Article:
Venice has always been thronged by tourists. Considered as ‘the most romantic city’ in Europe, the city is visited for its renaissance inspired architecture and gondola rides.
Of late, the high number of tourists visiting the city has started to pose problems. The tourists’ stay at Venice is a mere touch and go. Most of the tourists are day trippers who land in the city in the morning or arrive by sea in cruises, spend the day venturing into the lanes of Venice, buy a few souvenirs, click a few pictures, have a heavy lunch and leave as the day ends. The ones who stay back spend only a night or two. Venice used to be a place for connoisseurs of art, music and architecture. The day tripping culture does not chime in very well with the legacy of the city. Also, the increased day trippers is impacting the local population’s life style. With heavy traffic and crowds on the roads, the city if losing its peaceful atmosphere that it once enjoyed.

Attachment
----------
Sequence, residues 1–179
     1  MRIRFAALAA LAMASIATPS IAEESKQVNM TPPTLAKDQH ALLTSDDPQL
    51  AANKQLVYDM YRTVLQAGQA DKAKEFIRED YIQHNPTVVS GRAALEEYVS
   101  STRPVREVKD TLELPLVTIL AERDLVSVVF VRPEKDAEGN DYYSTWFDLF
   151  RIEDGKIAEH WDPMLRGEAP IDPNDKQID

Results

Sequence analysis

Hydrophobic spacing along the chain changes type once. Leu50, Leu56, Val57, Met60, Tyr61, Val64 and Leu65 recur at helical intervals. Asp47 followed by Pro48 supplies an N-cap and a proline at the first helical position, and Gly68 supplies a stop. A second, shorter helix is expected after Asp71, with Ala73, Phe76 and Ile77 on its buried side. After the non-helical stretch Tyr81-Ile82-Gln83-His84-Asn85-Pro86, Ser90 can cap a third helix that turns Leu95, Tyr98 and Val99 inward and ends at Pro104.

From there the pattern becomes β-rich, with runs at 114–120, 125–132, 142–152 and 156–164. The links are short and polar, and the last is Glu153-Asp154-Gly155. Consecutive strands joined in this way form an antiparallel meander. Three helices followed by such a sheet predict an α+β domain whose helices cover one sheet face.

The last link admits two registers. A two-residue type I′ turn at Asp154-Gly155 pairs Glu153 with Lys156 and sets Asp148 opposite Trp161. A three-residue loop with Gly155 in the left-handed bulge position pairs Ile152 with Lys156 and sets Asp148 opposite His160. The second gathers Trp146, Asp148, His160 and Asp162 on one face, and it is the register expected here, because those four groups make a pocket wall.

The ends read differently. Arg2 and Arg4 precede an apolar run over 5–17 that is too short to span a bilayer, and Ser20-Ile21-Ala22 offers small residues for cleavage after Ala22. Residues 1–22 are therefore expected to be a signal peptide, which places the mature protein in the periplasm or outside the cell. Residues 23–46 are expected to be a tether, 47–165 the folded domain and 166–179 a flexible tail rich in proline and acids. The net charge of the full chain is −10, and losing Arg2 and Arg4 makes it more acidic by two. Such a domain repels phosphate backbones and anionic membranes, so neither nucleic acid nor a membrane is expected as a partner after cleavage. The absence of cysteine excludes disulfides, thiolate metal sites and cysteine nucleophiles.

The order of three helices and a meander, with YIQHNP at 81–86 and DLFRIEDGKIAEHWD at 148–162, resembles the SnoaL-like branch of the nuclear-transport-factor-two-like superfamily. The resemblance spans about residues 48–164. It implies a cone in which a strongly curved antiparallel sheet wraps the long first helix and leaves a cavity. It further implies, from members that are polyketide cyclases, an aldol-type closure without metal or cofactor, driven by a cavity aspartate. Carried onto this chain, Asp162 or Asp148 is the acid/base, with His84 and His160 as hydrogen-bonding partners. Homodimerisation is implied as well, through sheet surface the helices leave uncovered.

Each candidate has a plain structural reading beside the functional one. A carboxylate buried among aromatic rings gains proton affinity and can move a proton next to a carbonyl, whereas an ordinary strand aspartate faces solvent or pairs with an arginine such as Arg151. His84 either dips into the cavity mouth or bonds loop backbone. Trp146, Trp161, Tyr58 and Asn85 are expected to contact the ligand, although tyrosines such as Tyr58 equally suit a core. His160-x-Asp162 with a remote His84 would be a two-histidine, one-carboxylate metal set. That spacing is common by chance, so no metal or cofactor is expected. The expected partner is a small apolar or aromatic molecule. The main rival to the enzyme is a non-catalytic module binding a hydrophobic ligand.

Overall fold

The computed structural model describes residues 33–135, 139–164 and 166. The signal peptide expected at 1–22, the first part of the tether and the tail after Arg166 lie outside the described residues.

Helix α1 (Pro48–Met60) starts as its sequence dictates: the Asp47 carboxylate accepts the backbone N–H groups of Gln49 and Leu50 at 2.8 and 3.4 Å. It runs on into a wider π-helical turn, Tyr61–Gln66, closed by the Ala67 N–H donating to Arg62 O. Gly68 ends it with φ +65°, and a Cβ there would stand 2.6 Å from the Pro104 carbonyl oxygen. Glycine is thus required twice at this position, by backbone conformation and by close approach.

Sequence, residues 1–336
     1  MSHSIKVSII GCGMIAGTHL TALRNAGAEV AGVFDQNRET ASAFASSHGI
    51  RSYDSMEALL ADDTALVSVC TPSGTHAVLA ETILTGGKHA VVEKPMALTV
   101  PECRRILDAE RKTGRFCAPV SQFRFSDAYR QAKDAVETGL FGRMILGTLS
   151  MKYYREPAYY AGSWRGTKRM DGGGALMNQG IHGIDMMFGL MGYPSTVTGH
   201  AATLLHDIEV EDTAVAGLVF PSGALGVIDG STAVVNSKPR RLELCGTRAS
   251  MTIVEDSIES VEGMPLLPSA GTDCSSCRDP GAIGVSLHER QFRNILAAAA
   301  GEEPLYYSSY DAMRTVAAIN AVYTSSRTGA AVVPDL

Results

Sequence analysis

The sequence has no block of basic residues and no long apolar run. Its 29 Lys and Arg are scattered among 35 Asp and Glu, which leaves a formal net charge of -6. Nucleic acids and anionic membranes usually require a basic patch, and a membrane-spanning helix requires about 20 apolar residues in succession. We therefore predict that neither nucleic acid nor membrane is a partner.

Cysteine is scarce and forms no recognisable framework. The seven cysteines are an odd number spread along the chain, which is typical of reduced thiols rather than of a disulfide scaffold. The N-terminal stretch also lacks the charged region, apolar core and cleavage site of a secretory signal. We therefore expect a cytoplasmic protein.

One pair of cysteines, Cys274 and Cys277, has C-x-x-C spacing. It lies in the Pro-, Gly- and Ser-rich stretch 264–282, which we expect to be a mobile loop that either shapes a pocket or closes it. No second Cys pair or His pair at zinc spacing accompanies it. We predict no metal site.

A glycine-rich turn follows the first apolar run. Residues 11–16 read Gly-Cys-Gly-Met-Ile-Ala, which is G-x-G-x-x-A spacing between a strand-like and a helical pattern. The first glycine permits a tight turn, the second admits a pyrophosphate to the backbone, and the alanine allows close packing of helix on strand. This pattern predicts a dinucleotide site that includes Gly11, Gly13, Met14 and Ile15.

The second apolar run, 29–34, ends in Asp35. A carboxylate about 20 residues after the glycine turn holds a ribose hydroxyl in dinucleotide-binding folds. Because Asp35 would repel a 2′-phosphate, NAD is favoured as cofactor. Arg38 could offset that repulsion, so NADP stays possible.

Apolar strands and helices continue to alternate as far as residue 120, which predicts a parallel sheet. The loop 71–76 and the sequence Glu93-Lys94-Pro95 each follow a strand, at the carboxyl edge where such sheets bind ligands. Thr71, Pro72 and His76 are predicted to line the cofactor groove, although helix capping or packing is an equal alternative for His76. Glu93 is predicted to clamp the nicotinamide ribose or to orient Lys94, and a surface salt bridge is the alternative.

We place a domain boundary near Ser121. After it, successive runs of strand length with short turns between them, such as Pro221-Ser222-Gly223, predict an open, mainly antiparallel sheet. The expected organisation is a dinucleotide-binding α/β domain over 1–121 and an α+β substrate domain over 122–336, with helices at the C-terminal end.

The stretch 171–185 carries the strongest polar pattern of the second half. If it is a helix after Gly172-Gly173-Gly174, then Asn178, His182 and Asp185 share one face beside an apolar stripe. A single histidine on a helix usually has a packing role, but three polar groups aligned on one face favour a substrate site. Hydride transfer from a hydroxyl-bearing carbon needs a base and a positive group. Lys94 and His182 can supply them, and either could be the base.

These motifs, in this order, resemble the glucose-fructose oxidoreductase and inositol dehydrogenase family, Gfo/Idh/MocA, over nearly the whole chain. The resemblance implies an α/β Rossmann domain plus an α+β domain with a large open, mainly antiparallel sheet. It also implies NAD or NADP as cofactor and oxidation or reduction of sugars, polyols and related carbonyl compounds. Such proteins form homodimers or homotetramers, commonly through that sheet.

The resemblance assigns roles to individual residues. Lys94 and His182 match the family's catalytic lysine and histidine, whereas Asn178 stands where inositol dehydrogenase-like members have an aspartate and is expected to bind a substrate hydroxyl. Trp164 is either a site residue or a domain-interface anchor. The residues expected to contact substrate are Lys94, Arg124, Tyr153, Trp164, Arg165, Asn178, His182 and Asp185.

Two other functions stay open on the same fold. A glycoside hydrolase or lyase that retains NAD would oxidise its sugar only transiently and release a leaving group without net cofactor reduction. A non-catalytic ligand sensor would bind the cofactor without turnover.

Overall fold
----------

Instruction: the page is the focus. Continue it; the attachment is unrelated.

The increased day tripping tourists have also led to hyper growth of hospitality industry in the city. The experience of a romantic quiet evening on a gondola is turning into a carnival of ‘people hopping site seeing locations and pubs’. This has made other industries suffer as well. The locals are now preferring to move out of Venice.
In a move to encourage people to come to Venice for longer visits, a local university professor Massimo Warglien, came up with an idea to start a ‘work from Venice’ initiative. Professionals from across the world were invited to visit Venice for a comfortable accommodation. All the facilities required for working online are made available. A gradual shift from hosting a day tripper to inviting a qualified professional who stays in the city for a few weeks. An extended stay duration enables a sustainable business for hospitality industry and allows the tourist to experience the subtleties of the city.